Hermes' Wings

History, Writing and Personal Musings

Ron Chaffe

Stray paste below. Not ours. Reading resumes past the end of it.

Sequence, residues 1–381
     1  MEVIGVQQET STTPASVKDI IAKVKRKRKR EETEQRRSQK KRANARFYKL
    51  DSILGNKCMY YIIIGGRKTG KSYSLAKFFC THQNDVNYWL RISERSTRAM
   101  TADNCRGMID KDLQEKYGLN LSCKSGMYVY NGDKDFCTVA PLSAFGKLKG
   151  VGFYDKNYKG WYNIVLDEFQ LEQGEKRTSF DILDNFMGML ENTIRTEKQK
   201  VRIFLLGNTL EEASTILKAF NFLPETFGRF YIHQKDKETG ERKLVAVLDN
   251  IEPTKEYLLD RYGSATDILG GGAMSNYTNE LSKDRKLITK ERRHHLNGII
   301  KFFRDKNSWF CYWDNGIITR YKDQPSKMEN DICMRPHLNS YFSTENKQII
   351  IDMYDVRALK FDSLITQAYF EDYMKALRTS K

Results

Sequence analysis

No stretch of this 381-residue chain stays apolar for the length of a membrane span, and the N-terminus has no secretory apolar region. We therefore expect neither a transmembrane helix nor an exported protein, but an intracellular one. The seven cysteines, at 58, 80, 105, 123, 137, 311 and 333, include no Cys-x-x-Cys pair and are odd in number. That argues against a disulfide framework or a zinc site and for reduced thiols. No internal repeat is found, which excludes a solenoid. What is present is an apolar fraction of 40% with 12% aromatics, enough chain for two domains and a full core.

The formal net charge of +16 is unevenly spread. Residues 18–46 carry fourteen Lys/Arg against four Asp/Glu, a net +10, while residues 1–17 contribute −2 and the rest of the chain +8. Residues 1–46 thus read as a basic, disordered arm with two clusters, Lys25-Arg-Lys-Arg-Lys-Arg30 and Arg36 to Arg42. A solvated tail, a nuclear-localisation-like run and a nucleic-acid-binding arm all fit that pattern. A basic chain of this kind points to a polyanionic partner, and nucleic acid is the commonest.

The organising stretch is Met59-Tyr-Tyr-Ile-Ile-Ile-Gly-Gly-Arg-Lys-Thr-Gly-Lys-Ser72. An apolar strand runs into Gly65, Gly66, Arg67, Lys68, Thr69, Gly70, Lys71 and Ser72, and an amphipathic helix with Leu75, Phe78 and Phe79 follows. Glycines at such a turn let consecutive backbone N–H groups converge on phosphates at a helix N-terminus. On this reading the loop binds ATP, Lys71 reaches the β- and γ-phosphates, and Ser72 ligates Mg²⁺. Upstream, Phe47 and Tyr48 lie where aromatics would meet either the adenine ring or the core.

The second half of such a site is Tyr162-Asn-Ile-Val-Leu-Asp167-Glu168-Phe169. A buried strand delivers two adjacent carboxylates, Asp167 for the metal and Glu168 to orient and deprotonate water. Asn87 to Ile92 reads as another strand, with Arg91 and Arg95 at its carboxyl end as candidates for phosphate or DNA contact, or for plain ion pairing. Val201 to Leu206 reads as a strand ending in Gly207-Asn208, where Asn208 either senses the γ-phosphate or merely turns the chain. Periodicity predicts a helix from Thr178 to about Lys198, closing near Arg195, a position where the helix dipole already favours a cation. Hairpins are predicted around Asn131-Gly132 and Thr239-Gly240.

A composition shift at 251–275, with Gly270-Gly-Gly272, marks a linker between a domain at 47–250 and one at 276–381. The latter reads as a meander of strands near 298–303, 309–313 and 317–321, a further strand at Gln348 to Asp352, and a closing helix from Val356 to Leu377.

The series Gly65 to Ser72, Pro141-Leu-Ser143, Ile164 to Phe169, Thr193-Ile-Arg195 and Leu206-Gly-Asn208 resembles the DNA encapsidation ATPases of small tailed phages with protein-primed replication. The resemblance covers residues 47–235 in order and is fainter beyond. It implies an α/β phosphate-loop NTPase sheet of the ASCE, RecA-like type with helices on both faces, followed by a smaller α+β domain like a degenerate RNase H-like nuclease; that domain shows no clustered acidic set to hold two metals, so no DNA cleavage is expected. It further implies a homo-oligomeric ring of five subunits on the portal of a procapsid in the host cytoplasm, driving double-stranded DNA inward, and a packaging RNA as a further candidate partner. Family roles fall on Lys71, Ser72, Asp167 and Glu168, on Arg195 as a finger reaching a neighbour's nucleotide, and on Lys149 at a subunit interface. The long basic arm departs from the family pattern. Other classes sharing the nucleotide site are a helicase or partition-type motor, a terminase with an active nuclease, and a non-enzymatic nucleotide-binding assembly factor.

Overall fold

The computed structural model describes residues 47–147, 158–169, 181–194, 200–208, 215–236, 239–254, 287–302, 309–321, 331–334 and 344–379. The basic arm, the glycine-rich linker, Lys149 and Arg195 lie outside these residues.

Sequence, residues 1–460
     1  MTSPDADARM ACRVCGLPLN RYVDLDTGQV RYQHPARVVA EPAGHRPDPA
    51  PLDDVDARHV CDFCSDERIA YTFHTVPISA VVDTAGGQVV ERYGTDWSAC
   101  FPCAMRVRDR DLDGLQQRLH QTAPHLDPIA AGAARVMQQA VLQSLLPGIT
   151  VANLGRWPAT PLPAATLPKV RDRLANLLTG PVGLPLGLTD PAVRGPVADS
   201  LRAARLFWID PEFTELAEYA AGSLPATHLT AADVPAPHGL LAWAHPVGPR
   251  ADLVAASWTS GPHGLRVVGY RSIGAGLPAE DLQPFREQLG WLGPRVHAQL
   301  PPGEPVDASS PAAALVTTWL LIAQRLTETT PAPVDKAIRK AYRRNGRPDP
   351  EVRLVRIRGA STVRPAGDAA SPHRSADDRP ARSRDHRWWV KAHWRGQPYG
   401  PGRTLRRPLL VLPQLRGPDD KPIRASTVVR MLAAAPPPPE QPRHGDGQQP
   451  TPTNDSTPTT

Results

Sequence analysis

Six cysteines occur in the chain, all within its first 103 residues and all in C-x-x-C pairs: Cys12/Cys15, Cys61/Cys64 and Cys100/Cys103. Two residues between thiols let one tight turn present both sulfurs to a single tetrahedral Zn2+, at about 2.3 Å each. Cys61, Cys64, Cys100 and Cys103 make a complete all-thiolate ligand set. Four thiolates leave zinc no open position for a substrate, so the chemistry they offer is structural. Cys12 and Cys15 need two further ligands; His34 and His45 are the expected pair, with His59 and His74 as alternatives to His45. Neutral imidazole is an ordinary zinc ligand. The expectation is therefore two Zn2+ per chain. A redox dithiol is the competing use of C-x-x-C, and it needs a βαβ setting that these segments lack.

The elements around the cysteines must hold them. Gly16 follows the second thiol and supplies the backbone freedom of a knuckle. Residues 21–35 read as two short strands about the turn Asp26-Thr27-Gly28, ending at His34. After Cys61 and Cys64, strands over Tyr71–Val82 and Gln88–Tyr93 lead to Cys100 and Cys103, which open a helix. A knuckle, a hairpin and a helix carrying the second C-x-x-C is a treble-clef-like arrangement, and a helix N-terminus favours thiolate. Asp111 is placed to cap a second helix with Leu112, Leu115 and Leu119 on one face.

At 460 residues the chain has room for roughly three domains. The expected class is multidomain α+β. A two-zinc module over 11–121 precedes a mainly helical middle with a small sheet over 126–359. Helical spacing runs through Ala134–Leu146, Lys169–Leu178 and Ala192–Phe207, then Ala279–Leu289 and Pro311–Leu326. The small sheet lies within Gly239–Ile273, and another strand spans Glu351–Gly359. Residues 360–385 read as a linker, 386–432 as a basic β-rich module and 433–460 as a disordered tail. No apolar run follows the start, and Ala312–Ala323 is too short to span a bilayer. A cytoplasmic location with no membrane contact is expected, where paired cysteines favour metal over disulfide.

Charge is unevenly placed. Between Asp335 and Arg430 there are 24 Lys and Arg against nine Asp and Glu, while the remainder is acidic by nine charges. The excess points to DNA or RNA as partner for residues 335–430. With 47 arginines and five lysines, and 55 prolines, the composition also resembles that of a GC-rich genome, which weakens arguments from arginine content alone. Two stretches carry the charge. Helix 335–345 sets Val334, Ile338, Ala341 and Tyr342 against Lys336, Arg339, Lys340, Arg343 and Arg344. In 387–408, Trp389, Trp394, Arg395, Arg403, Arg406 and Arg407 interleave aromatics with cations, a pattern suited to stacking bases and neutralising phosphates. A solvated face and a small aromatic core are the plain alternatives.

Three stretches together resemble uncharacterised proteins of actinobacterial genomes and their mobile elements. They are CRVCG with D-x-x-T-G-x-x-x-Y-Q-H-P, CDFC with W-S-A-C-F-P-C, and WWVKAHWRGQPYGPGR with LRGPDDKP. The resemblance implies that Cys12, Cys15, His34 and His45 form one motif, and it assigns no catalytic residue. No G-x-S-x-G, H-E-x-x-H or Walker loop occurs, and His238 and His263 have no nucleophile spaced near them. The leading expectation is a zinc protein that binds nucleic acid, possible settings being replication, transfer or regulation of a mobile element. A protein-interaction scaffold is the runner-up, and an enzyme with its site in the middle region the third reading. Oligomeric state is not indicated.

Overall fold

Originally enlisting in the RAF Voluntary reserve as a common airman in January 1939, Ronald Ivor Chaffe (1915-Feb 1942) rose through the ranks after the start of the war. Called up for active duty from the reserves in September 1939, Chaffe was a fully trained pilot by May 1940. Records would later show him as being in 1435 Flight on Malta by late-1941, although Chaffe would be given command of 185 Squadron on 17 February 1942. Less than a week later, however, he would be dead. Scrambled to tackle an incoming raid of Ju88s and Me109Fs on the 22nd, Chaffe and 185 Squadron took to the skies a little after 1 pm. He was shot down by a German Me109. Chaffe is thought to have bailed out and ditched in the sea. His dinghy was spotted some four to five miles off Point Delimara, and although rescue boats were sent out to bring him in, the search was limited because of the threat of loitering Me109s. The next morning, the 23rd, another air and sea rescue sweep was mounted, only to meet more raiders. As the rescue operation turned into a full-blown battle, the search was called off. Chaffe was never seen again. He was 27-years old and left behind his wife, Betty.

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